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long subject increasing with his years, began now to subdue his constitution, and rendered him very infirm. He therefore, determined to resign his post of commissioner of trade and plantations; but he acquainted none of his friends with his design, till he had given up his commission into the king's own hand. His majesty was very unwilling to receive it, and told our author, that he would be well pleased with his coutinuance in that office, though he should give little or no attendance; for that he did not desire him to stay in town one day to the injury of his health. But Mr. Locke told the king, that he could not in conscience hold a place to which a considerable salary, was annexed, without discharging the duties of it; upon which the king reluctantly accepted his resignation. Mr. Locke's behaviour in this instance discovered such a degree of integrity and virtue, as reflects more honour on his character than his extraordinary intellectual endowments. His majesty enter tained a great esteem for hirn, and would sometimes desire his attendance, in order to consult with him on public affairs and to know his sentiments of things. From this time, Mr. Locke continued altogether at Oates, in which agreeable retirement he applied himself wholly to the study of the sacred Scriptures. In this employment he found so much pleasure, that he regretted his not having devoted more of his time to it in the former part of his life. And his great regard for the sacred writings appears from his answer to a relation, who had inquired of him what was the shortest and surest way for a young gentleman to attain a true knowledge of the Christian religion. “Let him study,” said Mr. Locke, “the holy Scripture, especially in the New Testament. Therein are contained the words of eternal life. It has God for its author; salvation for its end; and truth, without any mixture of error, for its matter."' Mr. Locke now found his asthmatic disorder growing extremely troublesome, though it did not prevent him from enjoying great cheerfulness of mind. In this situation, his sufferings were greatly alleviated by the kind attention and agreeable conversation of the accomplished lady Masham, who was the daughter of the learned Dr. Cudworth; as this lady and Mr. Locke had a great esteem and friendship for each other. At the commencement of the summer of the year 1703, a season which, in former years, had always restored him some degrees of strength, he perceived that it had begun to fail him more remarkably than ever. This convinced him that his dissolution was at no great distance, and he often spoke of it himself, but always with great composure ; while he omitted none of the precautions which, from his skill in physic, he knew had a tendency to prolong his life. At length his legs began to swell; and that swelling increasing every day, his strength visibly diminished. He therefore prepared to take leave of the world, deeply impressed with a sense of God's manifold blessings to him, which he took delight in recounting to his friends, and full of a sincere resignation to the divine will, and of firm hopes in the promises of future life. As he had been incapable for a considerable time of going to church, he thought proper to receive the sacrament at home; and iwo of his friends communicating with him, as soon as the ceremony was finished, he told the minister, “That he was in perfect charity with all men, and in a sincére communion with the church of Christ, by what name soever it might be distinguished.” He lived some months after this ; which time he spent in acts of piety and devotion. On the day before his death, lady Masham being alone with him, and sitting by his bed-side, he exhorted her to regard this world only as a state of preparation for a better; adding “ that he had lived long enough, and that he thanked God he had enjoyed a happy life; but that, after all, he looked upon this life to be nothing but vanity.” He had no rest that night, and resolved to try to rise on the following morning, which he did, and was carried into his study, where he was placed in an easy chair, and slept for a considerable time Seeming a little refreshed, he would be dressed as he used to be, and observing lady Masham reading to herself in the Psalms while he was dressing, he requested her to read aloud. She did so, and he appeared very attentive, till, feeling the approach of death, he desired her to break off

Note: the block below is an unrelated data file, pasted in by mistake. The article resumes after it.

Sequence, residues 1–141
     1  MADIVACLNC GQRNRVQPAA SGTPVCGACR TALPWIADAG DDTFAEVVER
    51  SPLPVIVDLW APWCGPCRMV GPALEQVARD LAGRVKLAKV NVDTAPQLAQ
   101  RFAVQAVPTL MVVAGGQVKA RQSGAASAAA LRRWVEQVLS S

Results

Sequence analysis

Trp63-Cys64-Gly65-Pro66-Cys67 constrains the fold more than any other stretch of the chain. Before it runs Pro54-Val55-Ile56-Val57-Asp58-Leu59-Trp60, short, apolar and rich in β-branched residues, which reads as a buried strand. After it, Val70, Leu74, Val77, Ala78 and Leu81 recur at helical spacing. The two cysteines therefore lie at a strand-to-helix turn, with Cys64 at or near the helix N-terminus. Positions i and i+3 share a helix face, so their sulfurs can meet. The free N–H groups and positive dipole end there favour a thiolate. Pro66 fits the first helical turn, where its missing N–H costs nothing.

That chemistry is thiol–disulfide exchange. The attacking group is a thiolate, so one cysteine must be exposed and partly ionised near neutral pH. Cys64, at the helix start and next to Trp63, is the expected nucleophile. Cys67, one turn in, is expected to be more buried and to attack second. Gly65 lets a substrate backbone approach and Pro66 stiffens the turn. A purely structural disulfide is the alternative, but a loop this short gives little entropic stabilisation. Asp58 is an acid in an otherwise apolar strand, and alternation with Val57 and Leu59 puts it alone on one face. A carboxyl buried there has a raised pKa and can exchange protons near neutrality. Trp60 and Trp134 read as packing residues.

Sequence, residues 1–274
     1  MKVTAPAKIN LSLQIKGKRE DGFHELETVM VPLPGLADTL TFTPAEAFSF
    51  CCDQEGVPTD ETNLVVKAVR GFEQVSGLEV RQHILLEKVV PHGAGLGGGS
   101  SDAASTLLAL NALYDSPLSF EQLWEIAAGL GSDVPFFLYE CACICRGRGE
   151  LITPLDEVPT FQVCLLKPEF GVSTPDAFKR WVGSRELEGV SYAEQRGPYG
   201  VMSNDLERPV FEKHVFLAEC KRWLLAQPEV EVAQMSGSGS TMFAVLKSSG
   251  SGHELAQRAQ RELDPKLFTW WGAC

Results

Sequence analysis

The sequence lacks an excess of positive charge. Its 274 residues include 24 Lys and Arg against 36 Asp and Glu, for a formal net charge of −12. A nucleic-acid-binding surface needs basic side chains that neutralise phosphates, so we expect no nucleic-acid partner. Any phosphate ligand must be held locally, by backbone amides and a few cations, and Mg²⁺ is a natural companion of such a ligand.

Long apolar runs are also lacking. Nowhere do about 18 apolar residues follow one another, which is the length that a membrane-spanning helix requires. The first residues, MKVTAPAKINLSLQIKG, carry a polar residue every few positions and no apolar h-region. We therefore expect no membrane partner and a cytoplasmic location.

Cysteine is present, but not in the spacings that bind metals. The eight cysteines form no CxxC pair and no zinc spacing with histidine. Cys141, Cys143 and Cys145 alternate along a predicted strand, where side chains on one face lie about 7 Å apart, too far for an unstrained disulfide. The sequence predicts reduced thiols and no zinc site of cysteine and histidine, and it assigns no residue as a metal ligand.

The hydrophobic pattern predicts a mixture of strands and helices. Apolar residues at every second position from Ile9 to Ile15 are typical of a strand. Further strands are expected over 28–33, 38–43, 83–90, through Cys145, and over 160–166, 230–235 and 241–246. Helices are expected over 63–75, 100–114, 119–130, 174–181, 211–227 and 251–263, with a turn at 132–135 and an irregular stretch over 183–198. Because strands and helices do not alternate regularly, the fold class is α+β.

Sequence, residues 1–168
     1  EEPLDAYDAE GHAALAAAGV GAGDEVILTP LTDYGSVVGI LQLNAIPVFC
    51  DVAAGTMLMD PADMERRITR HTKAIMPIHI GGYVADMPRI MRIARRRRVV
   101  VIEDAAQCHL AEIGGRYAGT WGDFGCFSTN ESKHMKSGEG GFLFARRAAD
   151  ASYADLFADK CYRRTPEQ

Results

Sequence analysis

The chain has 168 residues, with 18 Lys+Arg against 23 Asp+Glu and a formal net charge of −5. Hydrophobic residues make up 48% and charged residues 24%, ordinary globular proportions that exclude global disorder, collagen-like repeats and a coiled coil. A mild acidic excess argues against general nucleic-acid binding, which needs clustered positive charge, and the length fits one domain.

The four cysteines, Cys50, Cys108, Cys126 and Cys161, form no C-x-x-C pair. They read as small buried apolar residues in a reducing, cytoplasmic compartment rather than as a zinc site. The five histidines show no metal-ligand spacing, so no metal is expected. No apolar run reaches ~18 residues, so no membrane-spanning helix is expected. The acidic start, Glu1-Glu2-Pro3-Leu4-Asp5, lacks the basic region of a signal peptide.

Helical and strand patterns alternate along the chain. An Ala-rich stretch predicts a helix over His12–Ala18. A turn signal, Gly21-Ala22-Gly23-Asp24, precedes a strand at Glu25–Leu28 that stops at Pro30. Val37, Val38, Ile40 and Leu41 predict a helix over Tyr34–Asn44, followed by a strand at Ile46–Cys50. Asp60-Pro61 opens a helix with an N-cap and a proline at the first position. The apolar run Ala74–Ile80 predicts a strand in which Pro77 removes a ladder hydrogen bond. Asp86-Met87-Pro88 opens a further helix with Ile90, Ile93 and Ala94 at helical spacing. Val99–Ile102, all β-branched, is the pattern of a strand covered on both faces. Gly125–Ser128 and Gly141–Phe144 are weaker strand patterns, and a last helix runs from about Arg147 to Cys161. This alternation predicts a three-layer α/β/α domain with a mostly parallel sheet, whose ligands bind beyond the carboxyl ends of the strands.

, and in a few minutes expired, on the twenty-eighth of Oclober, 1701, in the seventy-third year of his age. He was interred in the church of Oates, where there is a dece it monument erected to bis memory, with a modest inscription in Latin, written by himself..

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Quid tam teinerarium tamque indignum sapientis gra.l. tale atque constantia, quam aut falsum sentire, aut quod non satis explorate perceptum sit et cognitum sine ulla dubitatione defendere ? Cic. de Natura Deorum, lib. 1.

§ 1. Introduction. The last resort a man has recourse to in the conduct of himself, is his understanding : for though we distinguish the faculties of the mind, and give the supreme command to the will, as to an agent; yet the truth is, the man who is the agent determines himself to this or that voluntary action, upon some precedent knowledge, or appearance of knowledge in the understanding. No man ever sets himself about any thing but upon some view or other, which serves him for a reason for what he does : and whatsoever faculties he employs, the understanding with such light as it has, well or ill informed, constantly leads ; and by that light, true or false, all hi? operative powers are directed. The will itself, how absolute and uncontrollable soever it may be thought, never fails in its obedience to the dictates of the understanding. Tem

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